Pihole DHCP not assigning ipv6 address to clients

my ISP supports ipv6 and it is enabled, my router has public ipv6 address.
I've manually set static ipv4 and ipv6 address to my raspberry through /etc/dhcpcd.conf:

slaac hardware
interface eth0
        static ip_address=192.168.0.xxxx
        static routers=192.168.0.x
        static domain_name_servers=
        static ip6_address=2804:14c:65e4:xxxxx
pi@retropie:~ $ ip -6 address show
1: lo: <LOOPBACK,UP,LOWER_UP> mtu 65536 state UNKNOWN qlen 1000
    inet6 ::1/128 scope host
       valid_lft forever preferred_lft forever
2: eth0: <BROADCAST,MULTICAST,UP,LOWER_UP> mtu 1500 state UP qlen 1000
    inet6 2804:14c:65e4:xxxxx/128 scope global noprefixroute
       valid_lft forever preferred_lft forever
    inet6 fe80::ba27:xxxx/64 scope link
       valid_lft forever preferred_lft forever

IPV6_ADDRESS is set in /etc/pihole/setupVars.conf.

Then I've switched off DHCP from my router (bad router, provided by ISP) and now my pihole has DHCP enabled for both ipv4 and ipv6, using " Enable IPv6 support (SLAAC + RA)" enabled.

ipv4 dns sinkhole and dhcp is working fine. But ipv6 dhcp is not working. My windows client workstation used to have ipv6 assigned when DHCP came from router...now that is set from pihole, dhcp only works for ipv4 and not ipv6.

Aug  1 17:44:24 dnsmasq-dhcp[1371]: RTR-SOLICIT(eth0) 24:18:1d:ba:dd:ad 
Aug  1 17:44:24 dnsmasq-dhcp[1371]: DHCPDISCOVER(eth0) 24:18:1d:ba:dd:ad  
Aug  1 17:44:24 dnsmasq-dhcp[1371]: DHCPOFFER(eth0) 24:18:1d:ba:dd:ad 
Aug  1 17:44:24 dnsmasq-dhcp[1371]: DHCPREQUEST(eth0) 24:18:1d:ba:dd:ad 
Aug  1 17:44:24 dnsmasq-dhcp[1371]: DHCPACK(eth0) 24:18:1d:ba:dd:ad Samsung-Galaxy-S7-edge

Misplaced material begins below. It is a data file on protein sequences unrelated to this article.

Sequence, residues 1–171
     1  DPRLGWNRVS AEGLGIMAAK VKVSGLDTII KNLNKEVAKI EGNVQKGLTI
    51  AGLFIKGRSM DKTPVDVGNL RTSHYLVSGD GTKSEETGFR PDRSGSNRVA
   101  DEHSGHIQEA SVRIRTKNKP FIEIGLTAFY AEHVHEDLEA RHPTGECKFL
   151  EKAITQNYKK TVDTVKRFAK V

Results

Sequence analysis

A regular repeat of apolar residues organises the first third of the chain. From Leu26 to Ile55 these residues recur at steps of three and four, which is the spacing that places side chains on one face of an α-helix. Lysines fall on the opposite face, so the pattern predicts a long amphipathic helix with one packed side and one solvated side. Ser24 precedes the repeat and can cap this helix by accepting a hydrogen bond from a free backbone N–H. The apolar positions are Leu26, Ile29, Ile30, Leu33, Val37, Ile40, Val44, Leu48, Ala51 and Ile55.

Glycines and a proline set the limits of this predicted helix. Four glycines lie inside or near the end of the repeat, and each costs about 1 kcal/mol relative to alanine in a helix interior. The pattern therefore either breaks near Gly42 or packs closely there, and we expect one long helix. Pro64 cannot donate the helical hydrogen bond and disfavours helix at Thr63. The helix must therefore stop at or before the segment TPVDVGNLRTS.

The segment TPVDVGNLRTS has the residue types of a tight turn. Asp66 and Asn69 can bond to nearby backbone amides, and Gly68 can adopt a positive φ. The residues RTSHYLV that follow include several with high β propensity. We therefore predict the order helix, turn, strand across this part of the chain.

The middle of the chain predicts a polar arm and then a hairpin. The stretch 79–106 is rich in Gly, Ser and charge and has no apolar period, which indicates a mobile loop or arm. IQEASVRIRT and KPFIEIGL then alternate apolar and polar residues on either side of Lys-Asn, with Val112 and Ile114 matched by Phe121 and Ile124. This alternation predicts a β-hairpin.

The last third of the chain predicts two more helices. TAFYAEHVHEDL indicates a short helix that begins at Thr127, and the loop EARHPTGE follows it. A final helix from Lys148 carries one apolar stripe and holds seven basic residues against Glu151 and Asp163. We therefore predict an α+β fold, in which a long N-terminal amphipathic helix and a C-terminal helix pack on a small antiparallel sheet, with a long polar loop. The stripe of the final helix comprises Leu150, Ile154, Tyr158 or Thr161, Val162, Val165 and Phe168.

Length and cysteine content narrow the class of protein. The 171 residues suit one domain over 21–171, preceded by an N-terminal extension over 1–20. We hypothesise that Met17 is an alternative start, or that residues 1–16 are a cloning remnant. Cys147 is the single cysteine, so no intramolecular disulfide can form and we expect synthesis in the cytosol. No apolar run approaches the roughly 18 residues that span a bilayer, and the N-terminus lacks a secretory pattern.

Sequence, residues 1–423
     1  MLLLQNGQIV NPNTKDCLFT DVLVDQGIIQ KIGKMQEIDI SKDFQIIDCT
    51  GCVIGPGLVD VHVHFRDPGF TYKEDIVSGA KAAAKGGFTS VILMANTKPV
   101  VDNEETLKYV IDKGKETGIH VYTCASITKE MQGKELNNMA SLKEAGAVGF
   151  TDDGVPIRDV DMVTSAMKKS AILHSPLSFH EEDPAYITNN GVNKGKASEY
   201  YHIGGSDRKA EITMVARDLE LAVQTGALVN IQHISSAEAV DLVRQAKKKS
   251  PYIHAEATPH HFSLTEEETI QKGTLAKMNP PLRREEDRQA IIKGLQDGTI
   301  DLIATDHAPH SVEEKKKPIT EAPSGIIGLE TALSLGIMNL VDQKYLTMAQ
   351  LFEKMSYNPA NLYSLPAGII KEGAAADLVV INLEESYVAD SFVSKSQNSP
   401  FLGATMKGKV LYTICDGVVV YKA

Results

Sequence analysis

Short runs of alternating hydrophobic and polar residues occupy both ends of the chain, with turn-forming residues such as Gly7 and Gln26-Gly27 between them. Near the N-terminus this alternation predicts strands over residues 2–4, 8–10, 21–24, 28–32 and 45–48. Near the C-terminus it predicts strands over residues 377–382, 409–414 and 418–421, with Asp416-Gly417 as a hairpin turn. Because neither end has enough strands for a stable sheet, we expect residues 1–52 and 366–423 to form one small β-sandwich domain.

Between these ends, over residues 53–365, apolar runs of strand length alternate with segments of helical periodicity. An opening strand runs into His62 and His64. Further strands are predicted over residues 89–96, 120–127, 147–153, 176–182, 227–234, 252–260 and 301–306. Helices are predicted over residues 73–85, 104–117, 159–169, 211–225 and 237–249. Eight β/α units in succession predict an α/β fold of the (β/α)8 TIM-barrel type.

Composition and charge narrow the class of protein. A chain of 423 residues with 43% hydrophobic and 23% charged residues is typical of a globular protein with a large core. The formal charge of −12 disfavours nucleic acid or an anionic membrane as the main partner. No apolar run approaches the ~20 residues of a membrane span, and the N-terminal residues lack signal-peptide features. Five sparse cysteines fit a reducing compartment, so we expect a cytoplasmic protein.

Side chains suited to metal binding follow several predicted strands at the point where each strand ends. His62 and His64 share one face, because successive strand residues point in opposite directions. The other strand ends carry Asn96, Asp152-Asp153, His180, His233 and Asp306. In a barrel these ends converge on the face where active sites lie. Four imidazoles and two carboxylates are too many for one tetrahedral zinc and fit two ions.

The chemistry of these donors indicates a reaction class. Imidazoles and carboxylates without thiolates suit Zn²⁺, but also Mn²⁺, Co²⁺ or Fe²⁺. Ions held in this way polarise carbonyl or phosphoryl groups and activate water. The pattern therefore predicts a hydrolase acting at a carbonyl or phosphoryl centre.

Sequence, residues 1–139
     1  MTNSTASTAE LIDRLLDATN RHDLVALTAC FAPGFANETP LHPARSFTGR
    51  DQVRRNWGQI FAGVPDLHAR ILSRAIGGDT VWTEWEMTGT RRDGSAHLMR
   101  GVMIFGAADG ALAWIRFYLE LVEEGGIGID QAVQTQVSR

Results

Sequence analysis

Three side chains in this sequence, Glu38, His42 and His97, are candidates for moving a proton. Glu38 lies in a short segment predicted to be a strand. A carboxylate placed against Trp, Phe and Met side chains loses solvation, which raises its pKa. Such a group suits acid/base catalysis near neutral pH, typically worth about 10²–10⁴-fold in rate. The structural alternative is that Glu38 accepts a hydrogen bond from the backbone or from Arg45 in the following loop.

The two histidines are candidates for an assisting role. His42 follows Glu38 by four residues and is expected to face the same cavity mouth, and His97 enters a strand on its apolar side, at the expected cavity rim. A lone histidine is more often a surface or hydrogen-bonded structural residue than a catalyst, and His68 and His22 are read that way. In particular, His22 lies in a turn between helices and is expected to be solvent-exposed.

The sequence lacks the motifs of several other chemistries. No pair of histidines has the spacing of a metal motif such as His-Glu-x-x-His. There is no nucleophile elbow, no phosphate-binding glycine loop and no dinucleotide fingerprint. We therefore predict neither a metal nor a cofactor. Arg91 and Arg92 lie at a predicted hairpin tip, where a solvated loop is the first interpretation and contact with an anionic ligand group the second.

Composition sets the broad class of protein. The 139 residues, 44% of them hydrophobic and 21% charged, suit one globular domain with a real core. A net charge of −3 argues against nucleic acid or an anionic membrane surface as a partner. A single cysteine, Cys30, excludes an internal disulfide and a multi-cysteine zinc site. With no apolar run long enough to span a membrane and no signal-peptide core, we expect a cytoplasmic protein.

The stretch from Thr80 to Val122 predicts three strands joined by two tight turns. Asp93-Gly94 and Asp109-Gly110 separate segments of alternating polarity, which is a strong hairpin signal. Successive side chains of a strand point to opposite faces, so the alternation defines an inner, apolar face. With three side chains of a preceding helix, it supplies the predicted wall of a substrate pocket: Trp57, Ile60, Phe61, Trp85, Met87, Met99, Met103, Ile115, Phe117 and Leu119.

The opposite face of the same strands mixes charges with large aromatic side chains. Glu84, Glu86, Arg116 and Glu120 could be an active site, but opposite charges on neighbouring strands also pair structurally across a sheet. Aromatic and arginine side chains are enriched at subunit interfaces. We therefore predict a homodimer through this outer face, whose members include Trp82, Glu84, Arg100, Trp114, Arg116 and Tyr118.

Expected Behaviour:

Pihole DHCP should assign ipv6 address do clients

Linux retropie 4.19.66-v7+ #1253 SMP Thu Aug 15 11:49:46 BST 2019 armv7l GNU/Linux
pi@retropie:~ $ cat /etc/*release*
PRETTY_NAME="Raspbian GNU/Linux 9 (stretch)"
NAME="Raspbian GNU/Linux"
VERSION="9 (stretch)"

Actual Behaviour:

Pihole DHCP not assigning ipv6 address to clients

Debug Token:


Defining a public static IPv6 address has a different quality than defining a static IPv4.
For once, you will have to manually adopt changes in the IPv6 prefix (which is controlled by your ISP). And you have to consider that IPv6 prefix in your assignment as well, lest your Pi-hole would assume a /128 netmask, and that wouldn't leave nay space for any additional clients in your network.

If you want to stick with a public address, don't forget to define an appropriate netmask:

        static ip6_address=2804:14c:65e4:xxxxx/64
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Thanks, putting ipv6 netmask in dhcpcd.conf resolved my problem. Now pihole dhcp server is assigning ipv6 address to clients normally.

I know I'm getting out of scope here, but I was also expecting to pass public ipv6test sites (like https://ipv6-test.com/ or https://ipv6test.google.com/), but I'm still failing...When my router was the DHCPv6 server, it was passing the tests...any tips to why is this occurring?

I'm newbie in ipv6, I know what is my public ipv6 and I put that public ipv6 into

static ip6_address=2804:14c:65e4:xxxxx/64 --> public ip address, but not sure if 64 is the correct netmask

Thanks again

I've never used those.
Maybe inquire at the site owners about how they derive at their conclusions?

If that's meant as a question, I do not know the answer - your ISP may.

I suggested a /64 as the first 64 bits of an IPv6 address constitute an IPv6 prefix, so technically, it is sufficient to distribute the whole lot of them as prefix in your network. Your ISP may grant you a larger net by assigning e.g. a /56 prefix (though that's unlikely for private plans). As long as you do not subdidvide your net into additional subnets in that same public address space on your network, you should be fine with a /64.

Let me re-emphasise that by assigning an IPv6 address statically, you essentially preclude your Pi-hole machine from acquiring relevant network parameters that you'll have to provide manually if you need them, and by using an IPv6 public address, you run an increased risk of exposing your local DNS traffic (depending on your router's IPv6 firewalling.

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